Lacquerware [漆器] is the traditional japanese lacquered craftwork.
An object is formed from wood, sometimes leather, paper, or basketry. Lacquer is applied to seal and protect the object, and then decoration is added. Generally, three coats (undercoat, middle-coat, and final coat) are used, the final coat sometimes being clear rather than black lacquer, in order to allow decorations to show through.
For colors mostly the red and black lacquers are used frequently.
It is use for tableware, household products, Buddhist sculpture, altar implements and architecture. The greatest feature is anti-corrosiveness, damp proofness and thermal insulation.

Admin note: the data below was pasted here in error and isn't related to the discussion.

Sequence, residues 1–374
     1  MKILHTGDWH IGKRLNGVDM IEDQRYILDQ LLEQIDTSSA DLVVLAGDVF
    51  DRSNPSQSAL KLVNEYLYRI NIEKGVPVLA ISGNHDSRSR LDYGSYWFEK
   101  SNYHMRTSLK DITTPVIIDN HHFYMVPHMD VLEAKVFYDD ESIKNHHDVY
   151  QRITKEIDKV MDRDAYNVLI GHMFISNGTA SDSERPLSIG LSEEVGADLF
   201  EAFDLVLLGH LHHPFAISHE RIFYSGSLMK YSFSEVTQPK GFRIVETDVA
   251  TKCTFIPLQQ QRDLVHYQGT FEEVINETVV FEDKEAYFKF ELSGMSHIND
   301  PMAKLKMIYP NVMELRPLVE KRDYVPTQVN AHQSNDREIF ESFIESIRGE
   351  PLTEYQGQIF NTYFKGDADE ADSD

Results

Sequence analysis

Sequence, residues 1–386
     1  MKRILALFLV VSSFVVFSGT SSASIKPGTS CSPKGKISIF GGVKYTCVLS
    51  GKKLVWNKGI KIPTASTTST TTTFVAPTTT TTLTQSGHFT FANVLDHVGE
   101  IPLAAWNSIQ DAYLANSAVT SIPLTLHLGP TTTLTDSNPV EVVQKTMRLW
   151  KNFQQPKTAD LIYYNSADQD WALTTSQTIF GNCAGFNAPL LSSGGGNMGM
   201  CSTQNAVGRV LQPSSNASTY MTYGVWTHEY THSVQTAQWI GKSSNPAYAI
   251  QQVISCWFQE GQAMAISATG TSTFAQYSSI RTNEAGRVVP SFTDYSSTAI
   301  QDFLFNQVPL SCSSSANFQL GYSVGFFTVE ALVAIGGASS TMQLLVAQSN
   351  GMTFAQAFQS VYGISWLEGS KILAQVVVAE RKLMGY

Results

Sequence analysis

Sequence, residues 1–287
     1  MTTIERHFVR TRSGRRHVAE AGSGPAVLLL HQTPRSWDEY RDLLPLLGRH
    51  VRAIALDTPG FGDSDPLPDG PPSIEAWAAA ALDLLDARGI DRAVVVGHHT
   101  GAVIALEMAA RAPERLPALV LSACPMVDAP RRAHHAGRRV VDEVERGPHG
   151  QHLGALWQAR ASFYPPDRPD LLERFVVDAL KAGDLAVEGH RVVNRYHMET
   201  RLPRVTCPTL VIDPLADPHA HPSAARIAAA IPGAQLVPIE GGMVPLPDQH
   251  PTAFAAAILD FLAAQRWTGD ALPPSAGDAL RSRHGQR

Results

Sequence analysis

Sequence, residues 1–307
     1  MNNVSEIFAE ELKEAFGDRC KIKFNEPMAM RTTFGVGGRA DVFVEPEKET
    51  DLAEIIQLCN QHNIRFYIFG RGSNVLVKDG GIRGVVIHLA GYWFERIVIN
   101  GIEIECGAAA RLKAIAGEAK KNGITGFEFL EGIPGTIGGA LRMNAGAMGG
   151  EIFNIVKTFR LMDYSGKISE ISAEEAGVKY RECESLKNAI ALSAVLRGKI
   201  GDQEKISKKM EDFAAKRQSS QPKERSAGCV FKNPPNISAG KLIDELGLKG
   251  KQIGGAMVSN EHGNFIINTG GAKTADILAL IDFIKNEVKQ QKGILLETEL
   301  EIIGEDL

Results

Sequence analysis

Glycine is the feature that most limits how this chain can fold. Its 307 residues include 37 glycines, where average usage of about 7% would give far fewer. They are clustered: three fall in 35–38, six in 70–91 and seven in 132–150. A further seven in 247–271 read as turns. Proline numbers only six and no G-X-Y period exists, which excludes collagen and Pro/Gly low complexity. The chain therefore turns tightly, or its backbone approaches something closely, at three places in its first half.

The origins of lacquerware date back to the Joumon, which took place around 5000-7000 B.C.
The first examples of it were found in an excavation in Hokkaido, which discovered objects from around 9000 years of age.
Lacquerware was spreaded in Japan around the 6th century, under the strong influence of Tang culture. Due to this influence, the technology improved and also spawned several artistic handicrafts.
It also has been introduced in Europe through trade around the 15-16th century. For this reason, its also called japanese lacquerware.
“Tamamushi-no-zushi” which is the oldest lacquerware in Japan is very famous.
The city of Kanazawa is known for its lacquerware.